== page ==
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ACCESS DB "Write Conflict" message upon user attempting a record data-field correction

Upon attempting to correct a data field or add more recent info to an already created record, the user is blocked from saving the updated record, receiving the message:

"Write Conflict".   "...record has been changed by another user since you started editing it...."
Occurs when no other user is in fact using the DB.
1 Solution
Jeffrey CoachmanMIS LiasonCommented:
This can happen if another form is open that is associated with the same record.
It may also be an issue of some code running that also accesses this record.

Without more info it is difficult to say...

So lets see what other experts post...



beside what Jeff said above this can also happen if you use a linked table to a database server. DAO must map all the datatypes of the foreign database to a datatype which exists in JET/ACE, so there is sometimes a difference in the converted data.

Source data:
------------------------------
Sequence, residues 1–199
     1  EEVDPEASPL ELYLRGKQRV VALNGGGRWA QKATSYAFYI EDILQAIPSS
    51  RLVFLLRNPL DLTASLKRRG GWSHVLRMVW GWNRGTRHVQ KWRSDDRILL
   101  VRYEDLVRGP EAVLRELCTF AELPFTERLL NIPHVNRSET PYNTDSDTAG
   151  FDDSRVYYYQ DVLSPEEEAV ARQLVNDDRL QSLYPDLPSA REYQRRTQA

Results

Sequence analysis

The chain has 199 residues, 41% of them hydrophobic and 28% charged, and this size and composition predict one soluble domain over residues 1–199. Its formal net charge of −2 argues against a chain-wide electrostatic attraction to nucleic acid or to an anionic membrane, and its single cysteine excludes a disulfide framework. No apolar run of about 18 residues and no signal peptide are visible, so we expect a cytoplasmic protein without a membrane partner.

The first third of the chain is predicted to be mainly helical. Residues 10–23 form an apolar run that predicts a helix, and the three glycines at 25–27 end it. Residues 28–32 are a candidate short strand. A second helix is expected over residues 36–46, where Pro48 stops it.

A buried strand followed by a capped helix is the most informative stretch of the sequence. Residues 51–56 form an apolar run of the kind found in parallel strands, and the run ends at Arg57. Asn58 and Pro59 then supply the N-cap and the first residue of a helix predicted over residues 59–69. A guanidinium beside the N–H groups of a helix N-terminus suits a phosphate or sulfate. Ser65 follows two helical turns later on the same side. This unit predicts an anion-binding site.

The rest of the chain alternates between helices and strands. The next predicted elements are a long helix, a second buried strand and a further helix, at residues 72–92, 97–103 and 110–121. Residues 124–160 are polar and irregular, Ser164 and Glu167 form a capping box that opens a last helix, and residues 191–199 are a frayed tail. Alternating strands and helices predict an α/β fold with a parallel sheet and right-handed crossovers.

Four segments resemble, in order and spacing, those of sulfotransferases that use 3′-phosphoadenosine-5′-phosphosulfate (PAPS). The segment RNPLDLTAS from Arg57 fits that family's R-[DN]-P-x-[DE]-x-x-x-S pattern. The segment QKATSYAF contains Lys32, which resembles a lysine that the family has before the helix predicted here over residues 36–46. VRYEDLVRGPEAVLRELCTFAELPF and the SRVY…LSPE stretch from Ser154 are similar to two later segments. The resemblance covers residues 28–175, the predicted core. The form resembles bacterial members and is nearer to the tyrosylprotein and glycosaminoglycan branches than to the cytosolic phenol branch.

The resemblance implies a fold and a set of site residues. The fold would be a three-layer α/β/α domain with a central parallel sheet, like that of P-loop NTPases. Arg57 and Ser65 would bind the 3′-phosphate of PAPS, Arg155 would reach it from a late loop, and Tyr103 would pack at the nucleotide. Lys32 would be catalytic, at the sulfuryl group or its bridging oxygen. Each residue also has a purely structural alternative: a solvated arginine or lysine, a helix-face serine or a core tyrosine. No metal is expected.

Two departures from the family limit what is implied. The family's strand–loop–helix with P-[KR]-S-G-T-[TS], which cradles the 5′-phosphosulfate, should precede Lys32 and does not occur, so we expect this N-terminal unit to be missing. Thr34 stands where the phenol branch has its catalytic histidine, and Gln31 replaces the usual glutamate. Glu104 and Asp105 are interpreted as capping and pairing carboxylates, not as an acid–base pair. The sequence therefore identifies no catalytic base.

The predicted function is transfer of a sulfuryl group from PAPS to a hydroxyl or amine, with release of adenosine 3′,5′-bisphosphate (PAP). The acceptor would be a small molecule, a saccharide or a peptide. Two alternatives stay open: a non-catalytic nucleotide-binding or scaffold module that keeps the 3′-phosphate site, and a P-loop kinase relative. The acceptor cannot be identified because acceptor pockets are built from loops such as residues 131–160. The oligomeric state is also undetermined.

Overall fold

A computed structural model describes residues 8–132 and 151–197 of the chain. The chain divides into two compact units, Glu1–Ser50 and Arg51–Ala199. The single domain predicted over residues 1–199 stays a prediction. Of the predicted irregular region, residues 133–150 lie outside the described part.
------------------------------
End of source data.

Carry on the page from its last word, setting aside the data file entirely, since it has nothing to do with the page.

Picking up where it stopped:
Access tests if the record has changed by someone else since the current user start changing it and the default way of doing that is by comparing each field value of each used field with the edited field values of the current user. Because of conversion errors a field with exactly the same value (or it seems to be the same for the user) will be found as a field with a "changed value" and so the write error appears.

In case of SQL Server as backend there is a simple solution: Add one field with the datatype "timestamp" (which in fact has nothing to do with date or time, it is a row version which is also the new name for this datatype: It writes a serial number for each row as binary data, in other words: A kind of autonumber, but one for each row).
If Access finds such datatype it doesn't use the field-by-field comparison anymore, only the timestamp field will be used to find out if the row was updated so the write error disappears. You must add a timestamp column for each and every table which is used in a form to avoid this error.
Other database servers have similar functions, but here you must look into the documentation.


willjxAuthor Commented:
You are making me look absolutely brilliant!
Yes,  my ACCESS data is linked to SQL, and the "Timestamp" idea worked great.
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